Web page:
To say that Manny ’61 and Meg Scrofani love the teaching profession is an understatement. As lifelong educators, they poured their heart and soul into it, and they haven’t missed a beat.
Emanuel “Manny” Scrofani received his bachelor’s degree in Business Education and was a 4-year starter, co-captain and member of Montclair’s 1960 undefeated football team. He served as a teacher in New Jersey and California, principal in several California schools as well as superintendent of schools in Napa and Sonoma. He later became an associate professor of Organizational Leadership at the University of La Verne in Southern California, assistant executive director for the California School Boards Association and director of staff development for the State of California. He is a member of Montclair’s College of Education and Human Services Advisory Board and was recognized as the College’s Distinguished Alumnus in 2018. In her career, Margaret “Meg” Scrofani, a graduate of the University of California Berkeley, spent 40 years as a teacher and school principal. Her career also included work at the California State Department of Education in the Program Review Unit responsible for evaluating schools in the State. Manny and Meg had combined careers of 83 years of dedication to education.
While the two have retired from their fulfilling careers, they are still deeply committed to teaching and are advancing today’s teachers through their generous support of Montclair’s education program.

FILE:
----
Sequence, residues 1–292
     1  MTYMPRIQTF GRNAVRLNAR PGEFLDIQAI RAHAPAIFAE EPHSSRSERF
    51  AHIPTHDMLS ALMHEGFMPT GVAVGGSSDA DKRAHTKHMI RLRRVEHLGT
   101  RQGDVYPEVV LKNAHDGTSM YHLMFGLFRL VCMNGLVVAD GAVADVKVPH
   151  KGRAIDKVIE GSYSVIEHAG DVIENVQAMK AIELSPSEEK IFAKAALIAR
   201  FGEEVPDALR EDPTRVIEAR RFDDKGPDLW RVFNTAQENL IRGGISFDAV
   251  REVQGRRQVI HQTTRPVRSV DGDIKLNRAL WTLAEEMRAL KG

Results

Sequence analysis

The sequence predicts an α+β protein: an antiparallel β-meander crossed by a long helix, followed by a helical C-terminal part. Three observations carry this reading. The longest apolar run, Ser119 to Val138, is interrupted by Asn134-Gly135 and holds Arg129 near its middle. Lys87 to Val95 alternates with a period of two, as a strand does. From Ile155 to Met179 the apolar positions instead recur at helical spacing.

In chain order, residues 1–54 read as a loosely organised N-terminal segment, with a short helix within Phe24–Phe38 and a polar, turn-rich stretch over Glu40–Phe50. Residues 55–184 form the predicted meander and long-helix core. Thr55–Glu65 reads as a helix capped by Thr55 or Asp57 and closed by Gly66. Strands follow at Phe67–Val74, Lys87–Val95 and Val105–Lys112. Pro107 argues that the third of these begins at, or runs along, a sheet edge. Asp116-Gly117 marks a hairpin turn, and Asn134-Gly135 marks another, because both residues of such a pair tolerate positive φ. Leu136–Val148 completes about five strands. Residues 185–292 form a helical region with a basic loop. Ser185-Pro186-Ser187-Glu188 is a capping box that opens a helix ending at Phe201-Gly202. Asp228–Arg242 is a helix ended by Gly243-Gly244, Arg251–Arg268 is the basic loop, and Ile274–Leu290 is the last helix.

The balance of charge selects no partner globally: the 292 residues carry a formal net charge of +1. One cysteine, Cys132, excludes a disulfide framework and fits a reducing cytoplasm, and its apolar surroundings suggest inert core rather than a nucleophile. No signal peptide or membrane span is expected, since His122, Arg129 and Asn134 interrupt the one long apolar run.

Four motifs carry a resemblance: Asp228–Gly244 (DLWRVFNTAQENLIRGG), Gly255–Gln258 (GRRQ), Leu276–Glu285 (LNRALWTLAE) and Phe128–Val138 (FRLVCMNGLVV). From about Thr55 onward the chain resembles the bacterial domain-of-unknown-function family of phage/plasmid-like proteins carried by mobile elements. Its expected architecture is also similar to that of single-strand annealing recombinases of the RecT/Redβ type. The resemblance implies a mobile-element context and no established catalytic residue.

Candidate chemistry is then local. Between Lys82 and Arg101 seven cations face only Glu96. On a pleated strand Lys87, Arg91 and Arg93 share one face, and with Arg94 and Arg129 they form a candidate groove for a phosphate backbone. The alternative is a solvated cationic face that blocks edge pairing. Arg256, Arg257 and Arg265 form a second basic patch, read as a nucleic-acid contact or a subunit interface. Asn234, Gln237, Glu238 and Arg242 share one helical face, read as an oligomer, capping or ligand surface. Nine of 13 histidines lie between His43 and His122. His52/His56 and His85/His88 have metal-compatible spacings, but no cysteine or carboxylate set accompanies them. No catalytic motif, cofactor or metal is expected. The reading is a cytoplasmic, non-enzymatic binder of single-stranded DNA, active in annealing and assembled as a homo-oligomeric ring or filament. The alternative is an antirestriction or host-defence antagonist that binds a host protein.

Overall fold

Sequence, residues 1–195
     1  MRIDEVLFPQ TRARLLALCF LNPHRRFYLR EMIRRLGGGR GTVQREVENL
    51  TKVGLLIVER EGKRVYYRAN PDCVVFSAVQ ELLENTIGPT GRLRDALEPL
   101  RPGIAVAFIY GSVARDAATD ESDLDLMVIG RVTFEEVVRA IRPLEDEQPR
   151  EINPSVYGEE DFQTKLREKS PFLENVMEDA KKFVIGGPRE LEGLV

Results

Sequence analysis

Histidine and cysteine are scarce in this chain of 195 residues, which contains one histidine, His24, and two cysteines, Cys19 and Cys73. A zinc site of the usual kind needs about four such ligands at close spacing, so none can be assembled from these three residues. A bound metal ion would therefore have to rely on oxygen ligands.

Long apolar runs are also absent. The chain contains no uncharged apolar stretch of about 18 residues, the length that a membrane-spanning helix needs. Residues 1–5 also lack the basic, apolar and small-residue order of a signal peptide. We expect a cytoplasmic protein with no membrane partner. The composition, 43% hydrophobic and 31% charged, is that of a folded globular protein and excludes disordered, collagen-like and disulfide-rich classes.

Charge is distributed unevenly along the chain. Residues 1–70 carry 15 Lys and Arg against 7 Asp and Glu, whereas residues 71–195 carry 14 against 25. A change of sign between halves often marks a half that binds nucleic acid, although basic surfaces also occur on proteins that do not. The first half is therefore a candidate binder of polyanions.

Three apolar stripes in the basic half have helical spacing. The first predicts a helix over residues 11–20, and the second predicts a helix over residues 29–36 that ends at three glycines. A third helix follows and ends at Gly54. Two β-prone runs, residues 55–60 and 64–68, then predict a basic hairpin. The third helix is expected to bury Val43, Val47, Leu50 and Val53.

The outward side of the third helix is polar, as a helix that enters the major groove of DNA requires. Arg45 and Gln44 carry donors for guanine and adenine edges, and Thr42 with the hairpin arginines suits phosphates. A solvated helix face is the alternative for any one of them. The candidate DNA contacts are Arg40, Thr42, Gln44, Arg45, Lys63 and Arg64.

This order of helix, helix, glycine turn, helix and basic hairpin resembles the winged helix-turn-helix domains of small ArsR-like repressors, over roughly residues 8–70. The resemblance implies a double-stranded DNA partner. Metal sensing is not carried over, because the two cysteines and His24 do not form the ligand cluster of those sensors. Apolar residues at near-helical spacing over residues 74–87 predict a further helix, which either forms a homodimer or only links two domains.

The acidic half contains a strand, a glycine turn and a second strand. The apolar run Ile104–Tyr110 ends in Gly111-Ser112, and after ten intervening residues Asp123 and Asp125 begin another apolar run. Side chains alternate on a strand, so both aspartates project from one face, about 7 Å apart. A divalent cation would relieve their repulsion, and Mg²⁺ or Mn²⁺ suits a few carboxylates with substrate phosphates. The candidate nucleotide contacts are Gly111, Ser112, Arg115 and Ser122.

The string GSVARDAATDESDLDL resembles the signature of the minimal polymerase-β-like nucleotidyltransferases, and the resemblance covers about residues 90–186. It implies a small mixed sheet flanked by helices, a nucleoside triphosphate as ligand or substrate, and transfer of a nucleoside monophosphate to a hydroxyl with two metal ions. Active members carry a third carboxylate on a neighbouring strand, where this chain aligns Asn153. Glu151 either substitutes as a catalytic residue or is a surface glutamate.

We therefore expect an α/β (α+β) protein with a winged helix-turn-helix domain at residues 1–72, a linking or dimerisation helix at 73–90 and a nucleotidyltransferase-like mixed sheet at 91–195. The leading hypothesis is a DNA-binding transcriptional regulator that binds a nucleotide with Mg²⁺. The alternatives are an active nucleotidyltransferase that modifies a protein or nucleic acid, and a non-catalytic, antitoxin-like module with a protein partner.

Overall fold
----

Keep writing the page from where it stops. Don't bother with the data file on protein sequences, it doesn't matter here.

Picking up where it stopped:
“Montclair is way out front in terms of its creativity in helping teachers succeed,” says Manny. “They understand kids, they understand learning theory and they understand what teachers will need in order to survive in this complex society.”
Their investment in Montclair’s teaching excellence began with providing scholarship support for Montclair students in their student teaching internship year, realizing the barrier that unpaid internships can pose for students of varied socioeconomic backgrounds.
“If I didn’t have the scholarship support that the Scrofanis made possible during my student teaching, I wouldn’t have been able to finish my degree,” says Brandon Vargas ’21, who now teaches fifth grade Math in Teaneck. “I had been so stressed with the pandemic and virtual student teaching… I had to quit one of my part-time jobs in order to student teach; it was a relief to receive financial assistance at that pivotal time.”
All In for Excellence
Responding to evolving needs and eager to advance innovative teacher preparation practices, the Scrofanis have pivoted their support to the University’s New Teacher Induction Program. The program is a comprehensive system of support provided to beginning teachers in their first three years in the classroom. These teachers have committed to teach in high-needs schools, and in exchange receive support that includes coaching and mentoring, targeted professional development, and strategic networking.
“We are impressed with Montclair’s program because of the support system it provides, and the pedagogy behind it,” says Meg. “We are grateful we can support this cutting-edge approach to assist exemplary and passionate teachers who are committed to advancing social justice and serving high-need communities.”
“Induction is a ‘bridge’ that connects educational theory to practice. Our goal is to provide teachers with the context-specific resources, tools, and strategies they need to implement the ideas and theories they learned while students at Montclair State,” explains Rhena Jasey-Goodman, induction coordinator at Montclair’s Center of Pedagogy. “Through the New Teacher Induction Program, we are providing tailored support based on the needs of the students, teachers, schools and district.”